NCO ACADEMY LAUNCHES VIRTUAL BLC IN RESPONSE TO PANDEMIC
Reported By RET Q.Morton
Photos by Sgt. Zoe Garbarino
Spc. Ariel Ide, human resources specialist, Signal Intelligence Sustainment Company, Headquarters and Headquarters Battalion, 3rd Infantry Division, works on an assignment April 23 for the Basic Leader Course on Fort Stewart. The Fort Stewart Noncommissioned Officer Academy recently transitioned BLC from a resident course to a virtual course due to the COVID-19
NCO Academy launches virtual BLC in response to pandemic
The Fort Stewart Noncommissioned Officer Academy recently transitioned the Basic Leader Course from a resident course to a virtual course due to the COVID-19 pandemic.
Spc. Ariel Ide, human resources specialist, Signal Intelligence Sustainment Company, Headquarters and Headquarters Battalion, 3rd Infantry Division, said she would compare virtual BLC to an online college class, yet more intense because it is packed into 22 days online, covering a large variety of leadership skills and Army tasks and regulations.
BLC is an Army course aimed to teach corporal and specialist Soldiers leadership skills and prepare them to take on the role of a noncommissioned officer. Traditionally, the students come with all the necessary paperwork and are administered an Army Physical Fitness Test, followed by roughly 20 days of face-to-face instruction on various subjects to shape them into leaders. Instructors share experiences that open discussions amongst the class, and students answer each other's questions.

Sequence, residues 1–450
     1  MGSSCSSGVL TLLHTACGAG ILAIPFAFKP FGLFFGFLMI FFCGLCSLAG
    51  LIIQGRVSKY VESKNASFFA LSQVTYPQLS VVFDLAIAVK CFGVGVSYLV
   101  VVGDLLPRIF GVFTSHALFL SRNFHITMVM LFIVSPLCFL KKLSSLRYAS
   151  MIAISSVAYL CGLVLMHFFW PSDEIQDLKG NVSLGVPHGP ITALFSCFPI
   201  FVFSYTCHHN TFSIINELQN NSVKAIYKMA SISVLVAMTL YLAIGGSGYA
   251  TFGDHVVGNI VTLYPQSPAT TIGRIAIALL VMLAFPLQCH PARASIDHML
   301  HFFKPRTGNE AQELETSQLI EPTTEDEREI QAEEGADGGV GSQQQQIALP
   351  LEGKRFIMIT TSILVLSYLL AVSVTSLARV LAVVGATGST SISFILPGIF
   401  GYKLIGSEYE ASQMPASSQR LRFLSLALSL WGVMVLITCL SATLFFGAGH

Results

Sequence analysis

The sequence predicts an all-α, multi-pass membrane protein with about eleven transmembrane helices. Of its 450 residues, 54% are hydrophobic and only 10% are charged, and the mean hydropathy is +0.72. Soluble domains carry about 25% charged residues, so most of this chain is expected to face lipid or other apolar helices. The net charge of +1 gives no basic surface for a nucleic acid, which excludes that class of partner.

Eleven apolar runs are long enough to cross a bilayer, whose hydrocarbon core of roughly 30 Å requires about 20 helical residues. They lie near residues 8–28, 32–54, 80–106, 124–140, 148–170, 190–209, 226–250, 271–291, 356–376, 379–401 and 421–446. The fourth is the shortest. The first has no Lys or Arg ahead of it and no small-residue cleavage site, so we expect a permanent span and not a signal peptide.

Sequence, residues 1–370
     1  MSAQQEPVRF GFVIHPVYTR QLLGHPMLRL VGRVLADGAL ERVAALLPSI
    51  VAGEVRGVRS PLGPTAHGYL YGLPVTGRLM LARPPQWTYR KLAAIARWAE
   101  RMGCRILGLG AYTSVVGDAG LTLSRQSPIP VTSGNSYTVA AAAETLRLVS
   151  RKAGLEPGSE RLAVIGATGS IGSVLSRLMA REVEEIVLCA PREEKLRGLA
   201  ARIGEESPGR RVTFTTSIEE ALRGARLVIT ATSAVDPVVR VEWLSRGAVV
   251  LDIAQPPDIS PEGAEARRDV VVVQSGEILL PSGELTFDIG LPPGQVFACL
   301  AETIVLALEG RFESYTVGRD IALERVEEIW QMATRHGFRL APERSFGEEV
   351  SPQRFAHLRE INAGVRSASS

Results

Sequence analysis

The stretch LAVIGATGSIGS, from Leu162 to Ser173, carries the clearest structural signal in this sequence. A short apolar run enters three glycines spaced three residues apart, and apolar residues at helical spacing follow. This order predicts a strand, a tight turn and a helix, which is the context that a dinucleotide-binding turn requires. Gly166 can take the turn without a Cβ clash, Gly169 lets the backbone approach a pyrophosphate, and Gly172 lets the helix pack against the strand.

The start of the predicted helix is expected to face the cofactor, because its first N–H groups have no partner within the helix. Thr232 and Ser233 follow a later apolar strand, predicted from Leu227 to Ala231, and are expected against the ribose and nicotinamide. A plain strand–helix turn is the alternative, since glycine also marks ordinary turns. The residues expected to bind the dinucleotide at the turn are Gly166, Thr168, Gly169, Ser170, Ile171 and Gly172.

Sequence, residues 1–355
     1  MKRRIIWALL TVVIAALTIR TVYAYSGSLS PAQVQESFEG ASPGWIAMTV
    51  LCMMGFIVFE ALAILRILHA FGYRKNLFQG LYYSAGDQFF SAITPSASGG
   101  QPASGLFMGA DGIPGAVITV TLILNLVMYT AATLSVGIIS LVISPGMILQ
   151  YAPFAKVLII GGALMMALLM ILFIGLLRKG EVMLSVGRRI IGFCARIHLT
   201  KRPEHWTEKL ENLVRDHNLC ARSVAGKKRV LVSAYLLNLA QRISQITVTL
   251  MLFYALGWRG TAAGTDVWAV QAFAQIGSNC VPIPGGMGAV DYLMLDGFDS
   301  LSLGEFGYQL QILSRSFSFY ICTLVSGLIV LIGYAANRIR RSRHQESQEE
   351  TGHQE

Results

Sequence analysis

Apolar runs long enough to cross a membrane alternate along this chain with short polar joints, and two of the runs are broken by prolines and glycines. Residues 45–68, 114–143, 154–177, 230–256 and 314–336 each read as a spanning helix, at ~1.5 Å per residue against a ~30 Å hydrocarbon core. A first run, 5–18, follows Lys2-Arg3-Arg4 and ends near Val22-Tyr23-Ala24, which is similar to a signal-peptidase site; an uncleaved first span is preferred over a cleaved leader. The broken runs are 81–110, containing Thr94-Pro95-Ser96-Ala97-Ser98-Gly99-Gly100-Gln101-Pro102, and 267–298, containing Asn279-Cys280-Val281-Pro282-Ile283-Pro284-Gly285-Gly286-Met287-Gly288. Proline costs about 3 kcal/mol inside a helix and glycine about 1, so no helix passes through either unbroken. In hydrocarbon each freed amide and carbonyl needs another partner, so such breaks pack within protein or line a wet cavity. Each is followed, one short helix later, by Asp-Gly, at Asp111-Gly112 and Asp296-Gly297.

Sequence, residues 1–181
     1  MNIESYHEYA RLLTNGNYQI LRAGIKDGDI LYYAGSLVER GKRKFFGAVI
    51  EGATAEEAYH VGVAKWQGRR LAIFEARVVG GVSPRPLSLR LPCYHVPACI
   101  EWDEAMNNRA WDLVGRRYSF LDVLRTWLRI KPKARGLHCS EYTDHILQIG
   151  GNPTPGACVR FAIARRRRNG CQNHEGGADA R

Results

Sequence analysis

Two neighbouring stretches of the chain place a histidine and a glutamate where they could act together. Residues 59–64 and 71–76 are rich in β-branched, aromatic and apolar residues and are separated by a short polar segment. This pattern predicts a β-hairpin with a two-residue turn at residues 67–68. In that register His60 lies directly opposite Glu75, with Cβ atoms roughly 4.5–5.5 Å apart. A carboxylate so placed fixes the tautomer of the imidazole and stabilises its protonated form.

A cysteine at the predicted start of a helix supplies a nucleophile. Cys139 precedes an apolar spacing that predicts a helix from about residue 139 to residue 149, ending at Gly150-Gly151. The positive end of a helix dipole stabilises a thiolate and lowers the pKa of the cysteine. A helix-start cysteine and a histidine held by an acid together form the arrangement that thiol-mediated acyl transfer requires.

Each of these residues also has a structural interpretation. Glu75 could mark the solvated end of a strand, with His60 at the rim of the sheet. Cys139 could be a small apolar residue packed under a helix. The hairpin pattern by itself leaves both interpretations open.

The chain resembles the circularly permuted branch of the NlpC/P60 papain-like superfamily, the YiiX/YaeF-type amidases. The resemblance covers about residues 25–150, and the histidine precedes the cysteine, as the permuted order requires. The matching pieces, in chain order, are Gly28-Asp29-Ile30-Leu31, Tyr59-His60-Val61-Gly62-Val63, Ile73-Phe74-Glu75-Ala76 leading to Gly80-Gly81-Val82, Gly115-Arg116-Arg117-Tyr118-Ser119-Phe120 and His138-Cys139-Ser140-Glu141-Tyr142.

Staff Sgt. Heather Dawson, a small group leader at the NCOA, has been instructing BLC for a year and a half.
“The virtual BLC is the same but is being ran through Blackboard,” said Dawson. “The only significant difference is that we do not get face-to-face time.”
Ide said a significant skill the students are learning is adapting to change. As the first class to conduct BLC virtually, these future NCOs are in the frontlines leading by example, and their input about the course will be invaluable to future iterations.
“My favorite part of the course has been being able to do the work in my own space,” Ide said. “Since I was teleworking before the course started, I already have everything I need right next to me at all times. If I can’t sleep and have an essay due in two days, I can easily reach over at 2 [a.m.] and start working if I need to.”
Dawson said her platoon begins each morning with an attendance discussion, which is followed by group activities through Google Docs and Google Slides. In this way, instructors can evaluate individual leadership skills and identify who may need a little bit more coaching and practice. The day concludes with a final discussion.
“You have to hold the Soldiers to higher standards in this situation,” Dawson said. “They are all working from home, so it’s all about seeing who is able to avoid distractions and willing to put in work from home.”